It was around week 4 of Covid. I was feeling antsy. I was starting to snap at my family. Suddenly I realized I was getting burned out from being cooped up at home with nowhere to go and no one to see. Of course, I was grateful that I was not all alone. After all, I had heard from a few of my friends who live alone that they hadn’t had a hug in weeks. And, I was grateful that neither my family, nor I were sick with the Covid.

But I was feeling so frustrated that I couldn’t go out to spend time with friends. Finally I realized I was burning out on the Covid. Do any of these thoughts or feelings resonate with you?

I began to wonder. If I am having these thoughts and feelings, perhaps other people are having them as well?

 What did I do?

Besides doing what everyone else was doing – meeting friends and family on Zoom and binge-watching Netflix, I started to pay attention to how I was feeling.

First I remembered that there are things in life we can control and things we cannot control. We can’t control the virus, as individuals, but we can control our thoughtswhich impact our feelings, our actionsand our reactionsThis is not to say that I did not have a moment of anxiety or fear or frustration, but when I stopped, I realize that fear did not have to control my thoughts, and that I could heed my own advice and monitor and change my thoughts. Also, I remembered that we are staying home because we want to stop the spread of the virus.

Then I realized that I needed to try and focus on resilience. Resilience is about being able to recover quickly from any challenge.

How do we develop the ability to be resilient?

According to The American Psychological Association making connections is the first step, as I’ve mentioned earlier. The second step is to avoid seeing crises as insurmountable problems. That means you can’t control what happens, but you can control the way you react emotionally and verbally. Dr Viktor Frankl, who survived the Holocaust and afterwards remained in Austria to become a neurologist and psychiatrist, taught that though you may not have freedom over things that happen to you, you do have the freedom to choose how to respond.

Keeping things that happen in perspective helps you rise above the nuanced annoyances of life. And one way to rise above the annoyances is to STOP and AUDIT, the first tool in my new book Banish Burnout Toolkit, due out soon on Amazon.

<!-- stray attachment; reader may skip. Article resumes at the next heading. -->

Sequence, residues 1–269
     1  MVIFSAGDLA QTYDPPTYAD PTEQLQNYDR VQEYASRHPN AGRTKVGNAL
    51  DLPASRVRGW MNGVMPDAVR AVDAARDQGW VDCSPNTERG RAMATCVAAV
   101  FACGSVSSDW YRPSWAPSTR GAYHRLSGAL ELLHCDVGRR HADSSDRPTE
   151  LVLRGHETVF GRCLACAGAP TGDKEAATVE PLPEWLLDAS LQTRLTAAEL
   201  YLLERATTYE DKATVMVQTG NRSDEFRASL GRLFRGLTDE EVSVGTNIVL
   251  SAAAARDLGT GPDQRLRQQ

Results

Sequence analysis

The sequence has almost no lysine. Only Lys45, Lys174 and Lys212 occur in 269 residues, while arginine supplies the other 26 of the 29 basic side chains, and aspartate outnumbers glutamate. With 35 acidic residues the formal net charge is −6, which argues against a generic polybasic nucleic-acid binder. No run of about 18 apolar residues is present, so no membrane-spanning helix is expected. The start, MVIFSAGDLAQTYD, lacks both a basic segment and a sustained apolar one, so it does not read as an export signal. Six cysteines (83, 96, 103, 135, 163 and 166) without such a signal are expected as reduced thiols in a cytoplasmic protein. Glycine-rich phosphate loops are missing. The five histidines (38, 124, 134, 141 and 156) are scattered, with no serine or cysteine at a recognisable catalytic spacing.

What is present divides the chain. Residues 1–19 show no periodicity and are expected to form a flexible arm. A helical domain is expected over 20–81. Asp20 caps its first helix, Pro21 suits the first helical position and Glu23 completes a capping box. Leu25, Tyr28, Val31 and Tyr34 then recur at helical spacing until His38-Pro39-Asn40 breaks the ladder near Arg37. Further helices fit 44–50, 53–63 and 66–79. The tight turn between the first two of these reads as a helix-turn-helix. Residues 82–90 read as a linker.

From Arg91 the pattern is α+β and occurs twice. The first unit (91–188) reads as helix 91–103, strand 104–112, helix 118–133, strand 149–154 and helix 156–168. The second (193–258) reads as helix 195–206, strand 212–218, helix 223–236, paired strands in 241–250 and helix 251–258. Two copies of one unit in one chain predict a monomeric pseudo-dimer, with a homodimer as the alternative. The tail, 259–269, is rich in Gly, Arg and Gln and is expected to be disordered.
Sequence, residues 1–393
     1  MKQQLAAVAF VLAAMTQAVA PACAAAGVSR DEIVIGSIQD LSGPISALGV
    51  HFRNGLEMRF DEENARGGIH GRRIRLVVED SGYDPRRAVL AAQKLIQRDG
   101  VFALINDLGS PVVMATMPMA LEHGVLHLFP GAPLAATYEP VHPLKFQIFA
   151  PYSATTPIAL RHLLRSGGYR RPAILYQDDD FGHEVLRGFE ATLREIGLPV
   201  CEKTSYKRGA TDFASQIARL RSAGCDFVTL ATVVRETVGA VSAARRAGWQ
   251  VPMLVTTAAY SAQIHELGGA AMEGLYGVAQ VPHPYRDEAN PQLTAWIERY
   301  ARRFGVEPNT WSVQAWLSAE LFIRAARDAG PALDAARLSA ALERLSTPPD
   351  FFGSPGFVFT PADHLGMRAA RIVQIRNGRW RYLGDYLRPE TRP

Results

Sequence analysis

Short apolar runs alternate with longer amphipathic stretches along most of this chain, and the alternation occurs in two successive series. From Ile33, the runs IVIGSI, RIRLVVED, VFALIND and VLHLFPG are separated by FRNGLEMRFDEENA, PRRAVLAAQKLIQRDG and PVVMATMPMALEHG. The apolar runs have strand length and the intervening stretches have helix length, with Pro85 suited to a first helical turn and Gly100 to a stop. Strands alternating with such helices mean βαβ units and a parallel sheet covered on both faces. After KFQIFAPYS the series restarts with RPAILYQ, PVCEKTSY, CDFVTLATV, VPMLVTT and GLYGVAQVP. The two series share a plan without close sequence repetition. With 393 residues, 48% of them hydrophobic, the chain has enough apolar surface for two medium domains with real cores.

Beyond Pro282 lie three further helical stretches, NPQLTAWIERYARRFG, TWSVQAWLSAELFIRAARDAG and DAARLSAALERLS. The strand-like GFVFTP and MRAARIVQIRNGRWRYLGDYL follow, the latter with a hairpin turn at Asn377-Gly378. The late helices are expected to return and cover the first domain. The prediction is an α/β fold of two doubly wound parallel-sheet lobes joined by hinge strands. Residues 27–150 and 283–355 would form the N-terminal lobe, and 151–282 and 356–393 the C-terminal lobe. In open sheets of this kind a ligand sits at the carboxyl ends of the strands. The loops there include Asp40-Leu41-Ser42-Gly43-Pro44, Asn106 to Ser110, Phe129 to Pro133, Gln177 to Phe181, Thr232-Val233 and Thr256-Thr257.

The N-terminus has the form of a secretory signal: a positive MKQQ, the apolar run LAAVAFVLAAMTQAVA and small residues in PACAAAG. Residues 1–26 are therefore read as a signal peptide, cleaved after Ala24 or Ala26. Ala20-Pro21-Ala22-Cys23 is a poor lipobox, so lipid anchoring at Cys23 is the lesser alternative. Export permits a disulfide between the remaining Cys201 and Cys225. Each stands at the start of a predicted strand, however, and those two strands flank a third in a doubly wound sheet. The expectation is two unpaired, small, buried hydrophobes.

What is STOP and AUDIT

S-T-O-P stands for:


            Take a Breath



The purpose of S-T-O-P is to catch yourself when you are stressed, and was developed by Jon Kabat-Zinn, the father of modern-day mindfulness. It teaches you to take a STOP or pause when you are feeling stressed for any reason. Take a deep breath actually calms the whole nervous system. Observe means to take a look at your feelings and your reactions. Any time you react out of character, it is time to STOP, TAKE A BREATH, OBSERVE and then PROCEEDProceed, as the name infers means to move on, with the knowledge of what is going on for you.

The second part of STOP and AUDIT is to perform the Stress Audit. That is where you write down exactly what your reactions were, during the OBSERVE portion of S-T-O-P. It is important to look at your physical reactions as well as your emotional, verbal, and even any possible addictive behavior. Sometimes we don’t even realize how upset we are getting until we overreact to something or our body tells us, if we are paying attention. Physical reactions may include, knots in our stomach, elevated heart rate, sweaty palms, headaches, etc. Emotional reactions may include negative self-talk or complaining about the people who may have verbally harmed you, instead of looking at how your reaction or over-reaction may be based on unresolved tangles from your past.


This tool, STOP and AUDIT makes up Tool #1 in my new book, Banish Burnout Toolkit™. If you would like to download the first chapter for free, simply go to The full book will be out on Amazon soon and you will be able to find the links, as well, as an editable PDF version at

 For more information about my workplace wellness talks, go to, or to schedule a time to chat about bringing me into your organization to lead one of my workshops, simply email me at